Welcome to WeeklyWilson.com, where author/film critic Connie (Corcoran) Wilson avoids totally losing her marbles in semi-retirement by writing about film (see the Chicago Film Festival reviews and SXSW), politics and books----her own books and those of other people. You'll also find her diverging frequently to share humorous (or not-so-humorous) anecdotes and concerns. Try it! You'll like it!

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The category is self-explanatory, but it would include new or old businesses, political elections, trends, restaurants in town, entertainment in town, etc.

Oscar Nominees Are Announced for March 7th, 2023 Awards Ceremony

Oscar Nominees

Best Picture

“All Quiet on the Western Front”

“Avatar: The Way of Water”

“The Banshees of Inisherin”

“Elvis”

“Everything Everywhere All at Once”

“The Fabelmans”

“Tár”

“Top Gun: Maverick”

“Triangle of Sadness”

“Women Talking”

Actress in a Supporting Role

Angela Bassett, “Black Panther: Wakanda Forever”

Hong Chau, “The Whale”

Kerry Condon, “The Banshees of Inisherin”

Jamie Lee Curtis, “Everything Everywhere All at Once”

Stephanie Hsu, “Everything Everywhere All at Once”

Actor in a Supporting Role

Colin Farrell on the Red Carpet at the 50th Chicago Film Festival.

Brendan Gleeson, “The Banshees of Inisherin”

Brian Tyree Henry, “Causeway”

Judd Hirsch, “The Fabelmans”

Barry Keoghan, “The Banshees of Inisherin”

Ke Huy Quan, “Everything Everywhere All at Once”

Actor in a Leading Role

Cate Blanchett 

Austin Butler, “Elvis”

Colin Farrell, “The Banshees of Inisherin”

Brendan Fraser, “The Whale”

Paul Mescal, “Aftersun”

Bill Nighy, “Living”

Actress in a Leading Role

Cate Blanchett, “Tár”

Ana de Armas, “Blonde”

Andrea Riseborough, “To Leslie”

Michelle Williams, “The Fabelmans”

Michelle Yeoh, “Everything Everywhere All at Once”

Best Director

Martin McDonagh, “The Banshees of Inisherin”

Daniel Scheinert and Daniel Kwan, “Everything Everywhere All at Once”

Steven Spielberg, “The Fabelmans”

Todd Field, “Tár”

Ruben Ostlund, “Triangle of Sadness”

In the “Best Picture” category, I have seen 7 of 10. By the time of the March 7th broadcast, I will have seen 8, minimum. It is always difficult to see all of the films if you don’t live in a major metropolitan area. It is especially difficult if the film is an international offering and has poor distribution. No predictions or comments until I complete my viewing of the nominated films prior to the March 7th awards ceremony.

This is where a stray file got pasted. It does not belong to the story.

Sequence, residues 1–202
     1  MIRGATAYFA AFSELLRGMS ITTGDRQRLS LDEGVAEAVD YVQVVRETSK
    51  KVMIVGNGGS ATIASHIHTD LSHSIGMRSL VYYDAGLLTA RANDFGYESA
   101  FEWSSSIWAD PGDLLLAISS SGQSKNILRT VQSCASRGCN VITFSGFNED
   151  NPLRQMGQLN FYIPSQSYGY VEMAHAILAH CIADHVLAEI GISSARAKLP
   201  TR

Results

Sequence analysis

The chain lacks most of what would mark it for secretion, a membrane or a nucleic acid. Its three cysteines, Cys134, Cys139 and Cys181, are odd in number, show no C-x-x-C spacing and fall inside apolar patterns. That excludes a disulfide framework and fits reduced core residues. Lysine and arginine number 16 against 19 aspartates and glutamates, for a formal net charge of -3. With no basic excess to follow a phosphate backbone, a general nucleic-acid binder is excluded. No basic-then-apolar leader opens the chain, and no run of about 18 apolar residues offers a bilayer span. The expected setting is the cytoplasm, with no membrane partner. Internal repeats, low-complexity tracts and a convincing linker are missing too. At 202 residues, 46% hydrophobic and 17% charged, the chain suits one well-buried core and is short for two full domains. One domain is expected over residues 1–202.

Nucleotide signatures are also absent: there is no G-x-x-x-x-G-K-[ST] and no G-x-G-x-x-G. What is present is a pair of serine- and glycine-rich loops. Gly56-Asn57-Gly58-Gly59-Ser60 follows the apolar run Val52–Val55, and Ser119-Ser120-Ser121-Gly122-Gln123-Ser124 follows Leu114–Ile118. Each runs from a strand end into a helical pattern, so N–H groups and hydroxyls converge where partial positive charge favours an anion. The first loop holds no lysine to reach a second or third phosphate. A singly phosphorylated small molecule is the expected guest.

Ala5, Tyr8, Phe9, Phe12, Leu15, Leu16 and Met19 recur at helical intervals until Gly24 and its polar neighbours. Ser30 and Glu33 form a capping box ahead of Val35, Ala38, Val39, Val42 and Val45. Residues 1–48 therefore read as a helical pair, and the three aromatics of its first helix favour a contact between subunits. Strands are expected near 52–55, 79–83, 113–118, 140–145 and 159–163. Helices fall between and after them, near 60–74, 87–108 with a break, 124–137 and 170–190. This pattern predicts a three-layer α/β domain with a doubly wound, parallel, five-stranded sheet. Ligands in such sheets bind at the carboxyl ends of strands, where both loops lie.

Actress in a Supporting Role – I’ve seen all of these nominated performances. I did not enjoy the “Everything, Everywhere All At Once” film, so I’m not blown away by the nomination of 2 actresses from that film. I did appreciate the film more after reading that, basically, a very few people put this film together. I do acknowledge that the lead role would be quite demanding. I will make some predictions closer to March 7th.

Actor in a Supporting Role: I’ve seen all of these performances. My initial thoughts on the nominees here is that Judd Hirsch, although good in his role in “The Fabelmanns,” is barely in the film. “The Causeway” film was underwhelming (a Jennifer Lawrence indie film) although Brian Tyree Henry was good in a small film. I can see where Hirsch might get the vote for his long career, but, for me, Brendan Gleeson was the best of these 5.

Actor in a Leading Role:  I’ve only seen 3 of the 5 nominees. This was partially because two of the films did not have as wide a release, and partially because of my own health issues. I still need to see Paul Mescal and Bill Nighy before commenting. With the three I have seen, I am torn. I appreciate the acting tour de force that Brendan Fraser gave us in an overall depressing film that was almost like a stage play in having taken place on one set. I’ve watched “Elvis” three times, but I have always felt that Colin Farrell deserved more recognition for his work and Austin Butler is a newcomer. I met Colin Farrell in Chicago at the premiere of the Liv Ullman-directed film “Miss Julie.”

Actress in a Leading Role:  I’ve seen all of the nominees. I actually like Andrea Riseborough’s performance in “To Leslie” the best of these nominees. She was great opposite Marc Maron! I am puzzled as to why the lead in “Till” didn’t make the cut. One also wonders about the Jennifer Lawrence role in “Causeway” and the diss of Viola Davis in “The Woman King.”

Best Director:  I’ve seen all the nominees except “Triangle of Sadness” director Ruben Ostlund. I’m a longtime fan of Martin McDonagh (“Three Billboards Outside Ebbing, Missouri,” and “In Bruges”). Everyone is a longtime fan of Steven Spielberg, which may work against him, since he has won previously. “Tar” was a great performance from Cate Blanchett, but it was not a great movie for the audience. Likewise, unless “Everything, Everywhere, All At Once” begins a sweep—which will happen without me being onboard—I would vote for either McDonagh or Spielberg.